The Belfer Center for Science and International Affairs will host a Directors’ Lunch with Glenn Kessler, Diplomatic Correspondent for the Washington Post, on Friday, October 19th, in the Belfer Center Library (L369)

After serving as President Bush's national security advisor through 2004, many thought that Condoleezza Rice would leave politics and return to Stanford.  But the President personally lobbied Rice to stay in the Administration and serve as secretary of state. Two years later, polls showed Americans regarded her as the most powerful woman in the country.  In his new book, The Confidante, Washington Post correspondent Glenn Kessler provides an insightful look at Secretary Rice by drawing on his firsthand experiences traveling with her, as well as an impressive array of documents and interviews. Kessler organizes the book by region, vividly dramatizing Rice's travels and negotiations overseas, while providing thoughtful analysis and historical background to put these vignettes in context.

Kessler is a diplomatic correspondent for the Washington Post, a position he has held since May 2002, where he reports on the formulation and implementation of US foreign policy at the State Department, and the White House.  He recently wrote “The Confidante: Condoleezza Rice and the Creation of the Bush Legacy.”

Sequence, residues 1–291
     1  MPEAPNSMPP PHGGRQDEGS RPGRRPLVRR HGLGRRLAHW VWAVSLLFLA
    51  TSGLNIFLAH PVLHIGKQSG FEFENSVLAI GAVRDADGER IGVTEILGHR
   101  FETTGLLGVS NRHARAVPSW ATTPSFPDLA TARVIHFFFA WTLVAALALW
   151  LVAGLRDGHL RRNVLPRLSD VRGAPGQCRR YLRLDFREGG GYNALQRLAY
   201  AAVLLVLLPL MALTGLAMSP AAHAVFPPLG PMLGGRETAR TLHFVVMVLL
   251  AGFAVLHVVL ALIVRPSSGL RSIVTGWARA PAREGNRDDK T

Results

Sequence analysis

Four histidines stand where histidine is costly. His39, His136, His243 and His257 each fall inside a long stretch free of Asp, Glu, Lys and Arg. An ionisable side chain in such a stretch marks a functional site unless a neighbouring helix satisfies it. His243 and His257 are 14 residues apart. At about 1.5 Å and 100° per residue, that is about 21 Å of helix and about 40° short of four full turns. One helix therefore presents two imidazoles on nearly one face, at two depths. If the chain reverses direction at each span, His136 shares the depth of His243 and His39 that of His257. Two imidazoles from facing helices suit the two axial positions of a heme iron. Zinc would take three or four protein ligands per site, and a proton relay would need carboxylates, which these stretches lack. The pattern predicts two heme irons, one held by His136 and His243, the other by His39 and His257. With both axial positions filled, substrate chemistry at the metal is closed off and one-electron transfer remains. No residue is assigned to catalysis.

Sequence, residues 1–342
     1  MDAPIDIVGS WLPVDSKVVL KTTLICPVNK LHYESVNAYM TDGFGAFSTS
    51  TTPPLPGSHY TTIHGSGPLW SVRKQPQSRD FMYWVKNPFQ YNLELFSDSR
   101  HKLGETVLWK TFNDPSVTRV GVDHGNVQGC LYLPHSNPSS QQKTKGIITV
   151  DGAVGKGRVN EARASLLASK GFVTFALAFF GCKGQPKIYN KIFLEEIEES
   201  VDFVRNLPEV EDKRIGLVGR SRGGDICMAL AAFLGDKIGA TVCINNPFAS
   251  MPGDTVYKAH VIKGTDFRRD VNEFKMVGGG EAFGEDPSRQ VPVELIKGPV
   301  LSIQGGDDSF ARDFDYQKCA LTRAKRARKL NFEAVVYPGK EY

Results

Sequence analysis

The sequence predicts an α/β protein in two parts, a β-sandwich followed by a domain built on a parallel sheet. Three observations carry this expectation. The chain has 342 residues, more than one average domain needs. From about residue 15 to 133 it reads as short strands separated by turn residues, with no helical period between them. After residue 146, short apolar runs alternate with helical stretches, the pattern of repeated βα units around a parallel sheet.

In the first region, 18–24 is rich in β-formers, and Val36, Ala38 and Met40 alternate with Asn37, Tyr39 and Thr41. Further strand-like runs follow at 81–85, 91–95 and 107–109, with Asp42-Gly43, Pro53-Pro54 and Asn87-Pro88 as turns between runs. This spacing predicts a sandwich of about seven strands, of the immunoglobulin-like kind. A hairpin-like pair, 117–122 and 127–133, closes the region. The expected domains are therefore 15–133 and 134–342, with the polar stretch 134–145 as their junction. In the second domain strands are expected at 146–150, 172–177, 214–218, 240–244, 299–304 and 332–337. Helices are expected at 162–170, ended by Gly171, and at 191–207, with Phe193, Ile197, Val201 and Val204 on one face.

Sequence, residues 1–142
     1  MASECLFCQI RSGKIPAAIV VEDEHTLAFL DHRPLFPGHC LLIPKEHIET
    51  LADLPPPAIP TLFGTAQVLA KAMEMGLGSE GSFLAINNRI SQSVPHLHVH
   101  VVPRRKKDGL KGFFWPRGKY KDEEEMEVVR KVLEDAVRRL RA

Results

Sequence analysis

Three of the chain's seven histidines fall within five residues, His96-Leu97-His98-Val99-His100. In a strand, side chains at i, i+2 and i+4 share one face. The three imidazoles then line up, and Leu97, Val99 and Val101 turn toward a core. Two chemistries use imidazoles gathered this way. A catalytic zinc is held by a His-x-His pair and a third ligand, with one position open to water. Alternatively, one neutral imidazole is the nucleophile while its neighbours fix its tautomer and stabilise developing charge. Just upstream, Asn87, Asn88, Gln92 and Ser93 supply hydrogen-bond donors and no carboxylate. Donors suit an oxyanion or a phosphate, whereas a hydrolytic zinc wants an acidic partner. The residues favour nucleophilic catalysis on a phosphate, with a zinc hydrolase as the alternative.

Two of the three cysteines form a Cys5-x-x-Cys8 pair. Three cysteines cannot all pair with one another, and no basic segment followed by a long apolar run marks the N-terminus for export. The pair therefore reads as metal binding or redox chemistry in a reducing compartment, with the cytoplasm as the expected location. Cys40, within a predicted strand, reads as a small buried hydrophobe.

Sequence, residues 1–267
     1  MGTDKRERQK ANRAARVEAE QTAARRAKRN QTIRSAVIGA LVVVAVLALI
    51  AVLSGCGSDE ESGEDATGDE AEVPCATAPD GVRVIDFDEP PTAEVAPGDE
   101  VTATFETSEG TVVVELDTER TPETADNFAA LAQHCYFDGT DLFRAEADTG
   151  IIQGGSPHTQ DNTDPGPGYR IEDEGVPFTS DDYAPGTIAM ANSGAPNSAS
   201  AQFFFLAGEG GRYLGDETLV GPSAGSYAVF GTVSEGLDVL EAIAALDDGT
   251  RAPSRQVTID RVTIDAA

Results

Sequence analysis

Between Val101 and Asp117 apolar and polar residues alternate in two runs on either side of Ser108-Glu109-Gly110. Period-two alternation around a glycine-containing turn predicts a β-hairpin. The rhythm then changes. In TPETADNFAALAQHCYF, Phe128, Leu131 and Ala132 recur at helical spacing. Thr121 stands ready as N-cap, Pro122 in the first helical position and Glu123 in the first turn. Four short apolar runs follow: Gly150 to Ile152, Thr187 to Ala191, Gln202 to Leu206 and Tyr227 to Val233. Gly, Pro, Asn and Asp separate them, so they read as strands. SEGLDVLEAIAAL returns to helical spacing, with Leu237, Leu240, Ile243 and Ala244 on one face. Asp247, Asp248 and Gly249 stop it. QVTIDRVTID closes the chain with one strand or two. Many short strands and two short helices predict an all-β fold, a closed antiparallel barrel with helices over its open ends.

Before joining the Post, Kessler worked as a Washington correspondent and New York City based reporter for Newsday. While serving in Washington, Kessler served as White House, national political and congressional correspondent. He led the newspaper’s coverage of the 1996 election and the 1995 budget stalemate between Congress and the White House that resulted in two government shutdowns.

Among other awards, Kessler has won the Page One Award of the Newspaper Guild, the Atrium Award, the investigative reporting award of the Society of the Silurians and the Premier Award of the Aviation/Space Writers Association. Kessler was a part of the reporting teams that won a 1992 Pulitzer Prize for coverage of a deadly subway crash and a 1996 and a Pulitzer Prize for coverage of the TWA Flight 800 crash.

Kessler is a member of the Council on Foreign Relations. He received a Bachelor’s degree in European history from Brown University and a Master’s degree in international affairs from Columbia University.  

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